Traffic Tickets in MassachusettsPage Overview
Traffic tickets in Massachusetts are expensive in ways that most other states only dream about. First, you have to pay the fines, which are substantial. Then you get points on your license, which result in mandated insurance surcharges, which are also substantial. Finally, if you get enough "surchargeable events" on your license, you can face license suspension.
Massachusetts has a graduated fine system, meaning you can pay a base fine and then have more charges added on top.
For example, the base fine for speeding is $50. But that's just the start. If you're convicted of going more than 10 MPH over the speed limit, add $10 for each additional mph you were traveling over the base 10. For example, say you're convicted of going 85 in a 55 mph zone. You get a free pass up to 65, but then you get fined an additional $200 for the extra 20 mph from 65 to 85.
There's also a $50 surcharge on every speeding ticket, with money going to a trust fund for treating head injuries.
Massachusetts is one of the few states in the U.S. where the state sets insurance rates together with the auto insurance companies doing business in the state. The state's Safe Driver Insurance Program is a result of this collaboration.
The SDIP is designed to put more expenses on the drivers who pose the greatest risks and give breaks to safe drivers. This means that if you get a traffic ticket (or have an accident with more than $500 in damages), you get points on your license that add up to immediate insurance surcharges.
Even worse, once these surcharges are on your record, they stay there for a long time. The only way to remove them from your record is to have a safe driving record for three years or more. Even then, you can only reduce 1 point from each violation every 3 years.
See our point system page to find out more about the SDIP and surchargeable events in Massachusetts.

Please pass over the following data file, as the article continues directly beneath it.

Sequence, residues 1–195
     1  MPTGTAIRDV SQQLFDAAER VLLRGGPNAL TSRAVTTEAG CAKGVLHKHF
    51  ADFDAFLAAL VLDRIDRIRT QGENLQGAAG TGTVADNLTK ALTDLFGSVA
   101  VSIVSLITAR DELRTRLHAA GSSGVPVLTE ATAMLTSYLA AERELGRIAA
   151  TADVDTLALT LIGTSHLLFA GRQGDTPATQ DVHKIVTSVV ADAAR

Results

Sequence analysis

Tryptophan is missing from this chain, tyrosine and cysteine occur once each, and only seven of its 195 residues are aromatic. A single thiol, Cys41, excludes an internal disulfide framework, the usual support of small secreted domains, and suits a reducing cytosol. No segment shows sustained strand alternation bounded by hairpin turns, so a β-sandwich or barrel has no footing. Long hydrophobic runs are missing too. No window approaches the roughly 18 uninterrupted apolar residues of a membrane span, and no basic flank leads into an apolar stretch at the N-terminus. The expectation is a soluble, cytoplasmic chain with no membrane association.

Get enough surchargeable events on your driving record and your wallet isn't the only part of you that's going to suffer. Accumulate five or more in within three years and you'll be facing a choice of driver retraining school or immediate license suspension. Get seven incidents in three years, and you automatically lose your license.
So you get a ticket for a moving violation. You have some options, none of them great:
- You can waive your right to a hearing before a judge and pay the fine by mail or online. By paying the fine, you accept a guilty plea for the violation, which will go on your RMV driving record. The RMV will also notify your insurance company.
- You can ask for a hearing before a municipal court judge. At the hearing, you can make an argument that the ticket was wrongly issued and the judge can dismiss the case. The judge can also order you to pay the fine, plus court costs, if he or she thinks your case is frivolous.
Either way, you have to make a decision within 20 days. Don't ignore the ticket. If you do, you'll face extra fees, and a possible arrest warrant and license suspension.
Parking tickets are not considered traffic violations and are due to the municipality where the violation occurred. You need to pay the traffic tickets or face problems with the RMV when you want to renew your driver's license or registration.Other Topics in This Section